The Global Fiscal Outlook and the European Debt Crisis

Tuesday, March 19

Presenters
Carlo Cottarelli, Director of the IMF’s Fiscal Affairs Department
Aasim Husain, Deputy Director of the IMF’s European Department
Harald Waiglein, Director General for Economic Policy and Financial Markets at the Austrian Federal Ministry of Finance

Summary

On March 19, 2013, the Joint Vienna Institute (JVI) hosted high-level outreach event. Mr. Carlo Cottarelli, Director of the IMF’s Fiscal Affairs Department, and Mr. Aasim Husain, Deputy Director of the IMF’s European Department, presented the IMF’s views on “The Global Fiscal Outlook and the European Debt Crisis”. The event that took place a few days after the Eurogroup meeting on Cyprus was introduced and chaired by Mr. Harald Waiglein, Director General for Economic Policy and Financial Markets at the Austrian Federal Ministry of Finance.

In his opening remarks, Mr. Waiglein, who had participated in the Eurogroup meeting on Cyprus, briefed the audience on the most recent developments. During long discussions lasting into the night all those involved had been searching for a sustainable solution of the crisis with appropriate burden sharing.  

Mr. Cottarelli surveyed the public debt landscape in advanced economies, noting that the fiscal accounts in many advanced countries were in their weakest state in history. He divided the advanced countries into three groups: (1) countries where debt has stopped rising or was declining (Korea, Germany, Switzerland, Finland, Sweden, Czech Republic, Denmark); (2) countries where debt was still rising but was fairly low (Australia, Austria, Netherlands, Canada, Slovak Republic, New Zealand, Estonia); (3) countries where debt was still rising and was high, and thus faced more difficult fiscal challenges (Greece, Italy, United Kingdom, Japan, France, Portugal, Ireland, Belgium, Spain, United States). The current fiscal situation was largely the result of the global financial crisis, which had lowered growth trajectories and worsened fiscal balances. Looking ahead, Mr. Cottarelli recognized that “it will take decades to lower public debt to where it was before the crisis or, in any case, to levels that do not expose countries to risk.” He concluded, however, that “the task is not impossible; what is critical is to ensure that the direction of the adjustment is clear and that the adjustment process is perceived as credible.” According to Mr. Cottarelli, a credible adjustment process, he stressed, requires (1) a clear medium-term fiscal plan and strong fiscal institutions; (2) an appropriate pace of fiscal adjustment; (3) the right mix of revenue and expenditure measures; and (4) a relaxed monetary policy stance while fiscal adjustment is ongoing.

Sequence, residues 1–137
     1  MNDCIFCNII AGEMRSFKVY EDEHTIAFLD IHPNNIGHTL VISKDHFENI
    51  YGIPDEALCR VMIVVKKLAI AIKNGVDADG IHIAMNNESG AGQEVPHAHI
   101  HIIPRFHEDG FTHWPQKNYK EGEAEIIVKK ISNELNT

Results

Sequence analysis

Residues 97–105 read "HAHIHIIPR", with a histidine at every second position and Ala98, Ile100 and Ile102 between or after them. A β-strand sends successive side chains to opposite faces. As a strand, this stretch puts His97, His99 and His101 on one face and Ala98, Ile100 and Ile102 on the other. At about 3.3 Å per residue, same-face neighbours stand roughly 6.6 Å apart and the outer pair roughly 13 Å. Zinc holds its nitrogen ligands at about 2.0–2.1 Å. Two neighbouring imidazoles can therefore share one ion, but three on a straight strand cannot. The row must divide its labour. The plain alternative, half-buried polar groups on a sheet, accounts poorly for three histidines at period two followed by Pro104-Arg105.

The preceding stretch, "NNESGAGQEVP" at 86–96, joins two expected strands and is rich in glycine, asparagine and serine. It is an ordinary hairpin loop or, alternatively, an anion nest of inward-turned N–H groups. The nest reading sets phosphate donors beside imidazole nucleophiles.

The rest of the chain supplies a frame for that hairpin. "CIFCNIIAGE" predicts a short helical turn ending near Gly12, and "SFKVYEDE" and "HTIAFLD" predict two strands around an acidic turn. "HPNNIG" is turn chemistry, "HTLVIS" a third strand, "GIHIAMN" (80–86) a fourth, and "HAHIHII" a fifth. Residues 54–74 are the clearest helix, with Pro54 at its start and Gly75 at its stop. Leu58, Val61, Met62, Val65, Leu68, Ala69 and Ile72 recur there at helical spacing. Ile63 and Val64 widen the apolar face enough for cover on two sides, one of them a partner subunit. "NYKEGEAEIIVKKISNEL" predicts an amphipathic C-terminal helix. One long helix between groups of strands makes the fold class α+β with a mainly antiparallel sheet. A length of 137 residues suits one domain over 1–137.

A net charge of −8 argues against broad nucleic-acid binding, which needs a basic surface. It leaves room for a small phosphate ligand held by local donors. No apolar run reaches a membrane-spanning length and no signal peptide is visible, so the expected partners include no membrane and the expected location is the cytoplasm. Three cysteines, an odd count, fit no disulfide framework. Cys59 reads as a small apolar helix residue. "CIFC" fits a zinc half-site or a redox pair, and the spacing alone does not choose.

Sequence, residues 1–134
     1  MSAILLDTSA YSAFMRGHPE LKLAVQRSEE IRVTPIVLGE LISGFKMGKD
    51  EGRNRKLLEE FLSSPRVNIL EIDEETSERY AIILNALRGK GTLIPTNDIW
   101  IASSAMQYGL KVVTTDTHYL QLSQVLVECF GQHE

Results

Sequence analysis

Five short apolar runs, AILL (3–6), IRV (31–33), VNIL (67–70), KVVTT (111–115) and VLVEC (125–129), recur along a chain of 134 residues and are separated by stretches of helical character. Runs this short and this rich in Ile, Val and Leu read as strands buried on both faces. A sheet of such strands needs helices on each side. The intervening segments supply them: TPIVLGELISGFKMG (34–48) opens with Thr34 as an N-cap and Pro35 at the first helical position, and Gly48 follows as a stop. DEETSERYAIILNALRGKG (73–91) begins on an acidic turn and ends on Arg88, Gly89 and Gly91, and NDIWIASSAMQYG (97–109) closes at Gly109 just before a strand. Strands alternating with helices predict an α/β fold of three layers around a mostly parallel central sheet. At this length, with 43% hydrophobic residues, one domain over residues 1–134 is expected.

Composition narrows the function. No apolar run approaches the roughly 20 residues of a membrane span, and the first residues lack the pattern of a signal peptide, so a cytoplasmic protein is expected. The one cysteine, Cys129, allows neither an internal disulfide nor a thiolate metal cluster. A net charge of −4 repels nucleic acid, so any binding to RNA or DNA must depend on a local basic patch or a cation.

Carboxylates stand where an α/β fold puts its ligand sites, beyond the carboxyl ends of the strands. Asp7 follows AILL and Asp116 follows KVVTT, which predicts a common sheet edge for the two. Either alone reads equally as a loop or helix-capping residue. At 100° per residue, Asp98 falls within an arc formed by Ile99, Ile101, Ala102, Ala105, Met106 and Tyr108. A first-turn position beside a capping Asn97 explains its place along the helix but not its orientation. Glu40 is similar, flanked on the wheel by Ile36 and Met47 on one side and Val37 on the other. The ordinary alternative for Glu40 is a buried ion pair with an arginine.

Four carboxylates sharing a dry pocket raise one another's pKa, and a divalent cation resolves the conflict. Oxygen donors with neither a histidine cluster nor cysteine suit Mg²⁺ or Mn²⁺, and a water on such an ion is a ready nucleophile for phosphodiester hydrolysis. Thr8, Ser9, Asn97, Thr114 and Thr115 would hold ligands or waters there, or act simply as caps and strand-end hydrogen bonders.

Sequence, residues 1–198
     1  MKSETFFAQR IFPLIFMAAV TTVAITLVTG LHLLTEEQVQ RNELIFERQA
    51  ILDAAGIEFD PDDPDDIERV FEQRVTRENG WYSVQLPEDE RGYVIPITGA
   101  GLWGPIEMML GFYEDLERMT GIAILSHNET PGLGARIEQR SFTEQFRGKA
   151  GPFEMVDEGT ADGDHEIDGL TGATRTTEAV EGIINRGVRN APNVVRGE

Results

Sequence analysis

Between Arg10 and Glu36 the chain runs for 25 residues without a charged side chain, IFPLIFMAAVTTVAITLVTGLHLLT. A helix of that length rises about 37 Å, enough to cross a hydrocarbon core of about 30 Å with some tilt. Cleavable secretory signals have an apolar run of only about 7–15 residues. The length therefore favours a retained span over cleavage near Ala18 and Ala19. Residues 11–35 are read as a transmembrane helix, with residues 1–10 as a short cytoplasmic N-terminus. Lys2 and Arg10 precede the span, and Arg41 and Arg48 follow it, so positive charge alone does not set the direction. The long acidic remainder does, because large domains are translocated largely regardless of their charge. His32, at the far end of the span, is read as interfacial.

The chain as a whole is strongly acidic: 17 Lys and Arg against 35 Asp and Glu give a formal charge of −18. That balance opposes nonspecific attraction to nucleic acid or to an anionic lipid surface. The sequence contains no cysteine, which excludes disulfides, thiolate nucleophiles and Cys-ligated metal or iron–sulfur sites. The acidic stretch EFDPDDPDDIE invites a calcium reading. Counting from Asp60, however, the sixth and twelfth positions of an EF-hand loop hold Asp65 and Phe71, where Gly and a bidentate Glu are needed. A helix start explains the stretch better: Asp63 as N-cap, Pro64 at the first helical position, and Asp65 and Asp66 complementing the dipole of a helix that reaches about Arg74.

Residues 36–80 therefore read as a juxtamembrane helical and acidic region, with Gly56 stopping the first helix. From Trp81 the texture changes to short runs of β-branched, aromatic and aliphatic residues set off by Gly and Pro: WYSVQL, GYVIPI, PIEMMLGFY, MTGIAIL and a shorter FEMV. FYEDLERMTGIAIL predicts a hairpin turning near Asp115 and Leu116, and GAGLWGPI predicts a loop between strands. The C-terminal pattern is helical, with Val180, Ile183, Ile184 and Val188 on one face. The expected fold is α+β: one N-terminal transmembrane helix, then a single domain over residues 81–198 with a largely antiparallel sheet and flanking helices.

Mr. Husain considered the challenge of reconciling the recent improvement in market sentiment with the more downbeat data on the real economy. He emphasized that some countries in the euro area suffer not only from over-extended government and bank balance sheets, but also from over-extended household and corporate balance sheets. While the type of financial stress—whether for households, corporates or banks—differs from country to country, it is sufficiently large to be a drag on domestic demand. Such balance sheet considerations argue for a more nuanced policy response that allows balance sheets to adjust but with minimum output and job losses. Mr. Husain noted that at the country level, fiscal policy should focus on long-term measures to raise cyclically adjusted balances, combined with structural supply-side reforms to offset some of the output cost of depressed demand.  At the EU level, the most pressing task is to translate expansionary monetary policy into lower lending rates and easier credit conditions. Mr. Husain added that “a faster move to a banking union is essential, and policymakers will need to make progress on the broader reform of the European Monetary Union’s architecture, including fiscal union and—more urgently—the use of the European Stability Mechanism for direct recapitalization of banks.”

The presentations were followed by a lively discussion with the audience. The main issues raised included: the role of financial repression in bringing down the post-war public debt overhangs during the Bretton Woods system and the impossibility to rely on such policies in today’s world with complex financial systems; the effects of a possibly overvalued Euro for  the Euro Area periphery; the reasons for the relatively favorable position of the health and pension systems in Italy; difficulties in running countercyclical fiscal policies and bringing down public debt in good times; and the role of various factors in explaining the size of fiscal multipliers.

Martin Schindler, Senior Economist

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